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More dolphins caught in Solomon Islands

For immediate release: Thursday 28th August 2003

News Release

More dolphins caught in Solomon Islands
Marine Park in Mexico closed as controversy continues…

The capture of dolphins in the Solomon Islands continues with confirmation that at least 10 more dolphins were rounded up and caught late last week. This is in spite of public protestations and the highly questionable legality of the captures and subsequent trade. Furthermore, on Wednesday the Mexican environmental authorities announced the partial and temporary closure of Parque Nizuc the aquatic park in Cancun that imported 28 bottlenose dolphins from the Solomon Islands in July.

Report of this latest capture comes from the World Society for the Protection of Animals (WSPA) an international animal welfare organisation leading calls for authorities to intervene, stop the captures and return the animals to the wild.

It remains to be seen what will become of dozens of dolphins still being kept in shallow overcrowded sea pens off the Solomon Islands. Several have already died; food is scarce and a recent report states that many of the dolphins are lying on the surface motionless. “Many of those still alive are in very poor health, yet the captures continue. Time is running out for these dolphins” says Georgia Stephenson, Regional Director, WSPA Australia and New Zealand.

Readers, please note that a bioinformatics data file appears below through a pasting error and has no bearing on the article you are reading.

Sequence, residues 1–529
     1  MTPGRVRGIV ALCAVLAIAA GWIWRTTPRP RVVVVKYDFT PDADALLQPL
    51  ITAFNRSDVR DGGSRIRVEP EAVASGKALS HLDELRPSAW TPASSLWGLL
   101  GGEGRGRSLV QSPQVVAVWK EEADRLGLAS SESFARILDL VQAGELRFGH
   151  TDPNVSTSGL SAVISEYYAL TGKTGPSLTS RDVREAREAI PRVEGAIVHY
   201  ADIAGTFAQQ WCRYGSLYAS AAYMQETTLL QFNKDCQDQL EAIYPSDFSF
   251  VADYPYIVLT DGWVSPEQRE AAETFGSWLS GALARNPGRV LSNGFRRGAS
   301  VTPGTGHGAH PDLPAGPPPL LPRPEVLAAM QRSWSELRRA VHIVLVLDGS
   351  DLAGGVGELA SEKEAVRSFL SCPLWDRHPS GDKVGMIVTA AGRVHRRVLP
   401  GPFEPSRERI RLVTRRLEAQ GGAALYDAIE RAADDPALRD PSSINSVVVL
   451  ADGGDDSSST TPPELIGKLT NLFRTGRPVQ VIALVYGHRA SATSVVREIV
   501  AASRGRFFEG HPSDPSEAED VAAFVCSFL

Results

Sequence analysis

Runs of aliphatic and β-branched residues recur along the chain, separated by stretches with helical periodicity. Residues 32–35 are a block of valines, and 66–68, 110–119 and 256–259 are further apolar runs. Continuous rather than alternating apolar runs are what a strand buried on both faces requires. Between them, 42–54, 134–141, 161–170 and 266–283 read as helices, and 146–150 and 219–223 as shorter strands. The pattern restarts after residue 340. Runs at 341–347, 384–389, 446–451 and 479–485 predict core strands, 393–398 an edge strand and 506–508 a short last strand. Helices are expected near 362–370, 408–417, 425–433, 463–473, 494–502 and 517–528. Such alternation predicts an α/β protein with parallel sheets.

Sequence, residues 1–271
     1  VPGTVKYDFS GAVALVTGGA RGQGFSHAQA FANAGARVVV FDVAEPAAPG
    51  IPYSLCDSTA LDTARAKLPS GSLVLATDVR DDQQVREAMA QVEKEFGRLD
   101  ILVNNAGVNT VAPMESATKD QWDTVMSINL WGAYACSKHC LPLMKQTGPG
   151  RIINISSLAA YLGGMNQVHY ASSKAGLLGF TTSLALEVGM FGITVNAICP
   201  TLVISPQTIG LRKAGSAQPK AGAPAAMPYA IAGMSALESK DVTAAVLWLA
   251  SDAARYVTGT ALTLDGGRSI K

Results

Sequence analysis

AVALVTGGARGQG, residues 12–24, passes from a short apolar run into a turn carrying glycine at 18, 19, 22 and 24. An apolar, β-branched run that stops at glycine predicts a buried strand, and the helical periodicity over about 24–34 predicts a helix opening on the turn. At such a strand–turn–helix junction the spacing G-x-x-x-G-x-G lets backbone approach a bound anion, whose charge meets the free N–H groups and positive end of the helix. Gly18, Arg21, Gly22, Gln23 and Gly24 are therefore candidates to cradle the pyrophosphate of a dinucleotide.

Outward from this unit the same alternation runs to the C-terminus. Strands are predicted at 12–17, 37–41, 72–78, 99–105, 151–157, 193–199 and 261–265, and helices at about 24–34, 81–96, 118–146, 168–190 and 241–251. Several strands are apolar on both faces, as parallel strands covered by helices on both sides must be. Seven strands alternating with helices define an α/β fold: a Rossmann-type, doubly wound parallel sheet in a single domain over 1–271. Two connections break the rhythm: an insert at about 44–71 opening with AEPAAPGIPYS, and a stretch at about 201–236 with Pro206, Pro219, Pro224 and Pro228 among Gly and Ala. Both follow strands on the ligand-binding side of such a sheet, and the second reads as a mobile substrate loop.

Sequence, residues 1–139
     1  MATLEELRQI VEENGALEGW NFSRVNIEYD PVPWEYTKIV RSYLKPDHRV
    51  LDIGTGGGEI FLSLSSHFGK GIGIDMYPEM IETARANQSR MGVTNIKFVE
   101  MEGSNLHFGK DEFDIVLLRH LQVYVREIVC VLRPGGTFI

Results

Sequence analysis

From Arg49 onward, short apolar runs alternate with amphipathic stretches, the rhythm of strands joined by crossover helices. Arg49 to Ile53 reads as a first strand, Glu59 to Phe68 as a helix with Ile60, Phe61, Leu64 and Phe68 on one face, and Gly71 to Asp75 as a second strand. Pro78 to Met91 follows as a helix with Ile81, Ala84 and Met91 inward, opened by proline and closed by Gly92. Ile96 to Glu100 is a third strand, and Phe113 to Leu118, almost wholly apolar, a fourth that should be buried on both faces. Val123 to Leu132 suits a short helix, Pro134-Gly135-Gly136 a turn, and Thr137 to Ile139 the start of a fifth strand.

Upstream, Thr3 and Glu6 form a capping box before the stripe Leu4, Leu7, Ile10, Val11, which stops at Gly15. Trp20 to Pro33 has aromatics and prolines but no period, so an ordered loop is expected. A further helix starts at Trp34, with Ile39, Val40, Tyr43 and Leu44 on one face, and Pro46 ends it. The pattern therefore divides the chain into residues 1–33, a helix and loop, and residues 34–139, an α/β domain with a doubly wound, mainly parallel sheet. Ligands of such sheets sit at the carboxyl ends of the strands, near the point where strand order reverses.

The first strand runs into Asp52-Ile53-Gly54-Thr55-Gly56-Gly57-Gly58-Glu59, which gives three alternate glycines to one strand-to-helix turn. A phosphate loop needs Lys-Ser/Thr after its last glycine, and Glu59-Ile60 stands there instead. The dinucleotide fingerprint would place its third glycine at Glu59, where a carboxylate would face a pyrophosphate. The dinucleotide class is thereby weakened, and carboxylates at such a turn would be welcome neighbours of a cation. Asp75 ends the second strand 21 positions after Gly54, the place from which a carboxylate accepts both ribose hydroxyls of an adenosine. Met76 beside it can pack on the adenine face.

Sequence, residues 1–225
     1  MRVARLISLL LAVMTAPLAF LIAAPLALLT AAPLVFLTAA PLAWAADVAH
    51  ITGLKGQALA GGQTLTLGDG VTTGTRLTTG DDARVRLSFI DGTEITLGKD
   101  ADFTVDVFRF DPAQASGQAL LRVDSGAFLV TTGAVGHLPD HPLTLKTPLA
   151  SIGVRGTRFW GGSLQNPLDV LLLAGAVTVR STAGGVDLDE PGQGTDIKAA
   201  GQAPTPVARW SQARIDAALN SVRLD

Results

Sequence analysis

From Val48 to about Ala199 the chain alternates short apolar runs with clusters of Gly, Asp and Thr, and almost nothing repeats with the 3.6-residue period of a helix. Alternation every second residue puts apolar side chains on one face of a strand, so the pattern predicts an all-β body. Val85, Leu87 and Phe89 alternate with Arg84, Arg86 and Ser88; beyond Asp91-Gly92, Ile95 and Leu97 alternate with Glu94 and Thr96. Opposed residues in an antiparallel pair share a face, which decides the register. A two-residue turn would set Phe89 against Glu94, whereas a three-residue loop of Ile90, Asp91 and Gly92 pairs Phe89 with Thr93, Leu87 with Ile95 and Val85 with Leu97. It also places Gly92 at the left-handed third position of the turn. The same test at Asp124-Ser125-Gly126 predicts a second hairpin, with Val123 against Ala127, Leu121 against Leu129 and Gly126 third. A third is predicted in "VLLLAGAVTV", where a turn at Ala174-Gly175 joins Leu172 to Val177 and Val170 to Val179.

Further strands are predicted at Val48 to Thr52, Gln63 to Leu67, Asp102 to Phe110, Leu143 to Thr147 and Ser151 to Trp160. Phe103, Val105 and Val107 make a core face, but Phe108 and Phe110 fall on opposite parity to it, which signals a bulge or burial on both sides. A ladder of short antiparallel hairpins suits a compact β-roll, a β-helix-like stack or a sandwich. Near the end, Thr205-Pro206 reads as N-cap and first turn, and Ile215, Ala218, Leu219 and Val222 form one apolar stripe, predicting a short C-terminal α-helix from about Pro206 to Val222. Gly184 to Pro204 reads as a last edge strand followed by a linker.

WSPA, along with other animal welfarists welcomed the recent announcement by Victor Lichtinger, Mexico’s Secretary of the Environment, that Mexico will block any further imports of dolphins from the Solomon Islands.

Georgia Stephenson said, “We are delighted that Mexico is shutting the door on any further imports of dolphins from the Solomon Islands. The captures and subsequent trade should have never taken place and we are calling on officials to take immediate action to protect the welfare of these dolphins.”

WSPA has led an international outcry over the capture and planned export of up to 200 wild dolphins from waters off the Solomon Islands in recent months. Concerns raised by WSPA regarding the illegality of these captures have resulted in the matter being addressed by the Convention on International Trade in Endangered Species (CITES). In addition, formal protests have been made to the Solomon Islands by countries including Australia and New Zealand.

The number of dolphins taken for this operation alone is a fifth of the total number known to be kept in captivity worldwide. WSPA, which is opposed to the taking of wild dolphins from their natural habitat, has been campaigning for a number of years against the taking of dolphins for marine parks and, in recent years, against the controversial captive swim-with-dolphin programmes. But the industry is a lucrative one; foreign business interests collecting and training dolphins for shipment abroad can sell a dolphin for up to $30,000.


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